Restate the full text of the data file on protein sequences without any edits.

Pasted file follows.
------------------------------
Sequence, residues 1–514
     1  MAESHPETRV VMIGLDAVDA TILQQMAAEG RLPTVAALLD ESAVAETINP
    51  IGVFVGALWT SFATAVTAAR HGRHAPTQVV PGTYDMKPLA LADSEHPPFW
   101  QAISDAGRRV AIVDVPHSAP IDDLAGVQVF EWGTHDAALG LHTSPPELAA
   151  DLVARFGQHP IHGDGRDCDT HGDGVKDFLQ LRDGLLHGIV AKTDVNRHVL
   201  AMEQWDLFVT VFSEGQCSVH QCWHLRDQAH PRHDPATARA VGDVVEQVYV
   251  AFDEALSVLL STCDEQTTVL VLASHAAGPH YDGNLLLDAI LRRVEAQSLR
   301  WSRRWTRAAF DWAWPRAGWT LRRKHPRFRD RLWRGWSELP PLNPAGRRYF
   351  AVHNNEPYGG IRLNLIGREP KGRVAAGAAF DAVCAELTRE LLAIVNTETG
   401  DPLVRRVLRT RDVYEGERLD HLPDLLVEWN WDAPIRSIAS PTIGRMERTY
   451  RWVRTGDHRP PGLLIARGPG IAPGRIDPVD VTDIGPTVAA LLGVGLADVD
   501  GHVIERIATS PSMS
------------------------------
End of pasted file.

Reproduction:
Sequence, residues 1–514
     1  MAESHPETRV VMIGLDAVDA TILQQMAAEG RLPTVAALLD ESAVAETINP
    51  IGVFVGALWT SFATAVTAAR HGRHAPTQVV PGTYDMKPLA LADSEHPPFW
   101  QAISDAGRRV AIVDVPHSAP IDDLAGVQVF EWGTHDAALG LHTSPPELAA
   151  DLVARFGQHP IHGDGRDCDT HGDGVKDFLQ LRDGLLHGIV AKTDVNRHVL
   201  AMEQWDLFVT VFSEGQCSVH QCWHLRDQAH PRHDPATARA VGDVVEQVYV
   251  AFDEALSVLL STCDEQTTVL VLASHAAGPH YDGNLLLDAI LRRVEAQSLR
   301  WSRRWTRAAF DWAWPRAGWT LRRKHPRFRD RLWRGWSELP PLNPAGRRYF
   351  AVHNNEPYGG IRLNLIGREP KGRVAAGAAF DAVCAELTRE LLAIVNTETG
   401  DPLVRRVLRT RDVYEGERLD HLPDLLVEWN WDAPIRSIAS PTIGRMERTY
   451  RWVRTGDHRP PGLLIARGPG IAPGRIDPVD VTDIGPTVAA LLGVGLADVD
   501  GHVIERIATS PSMS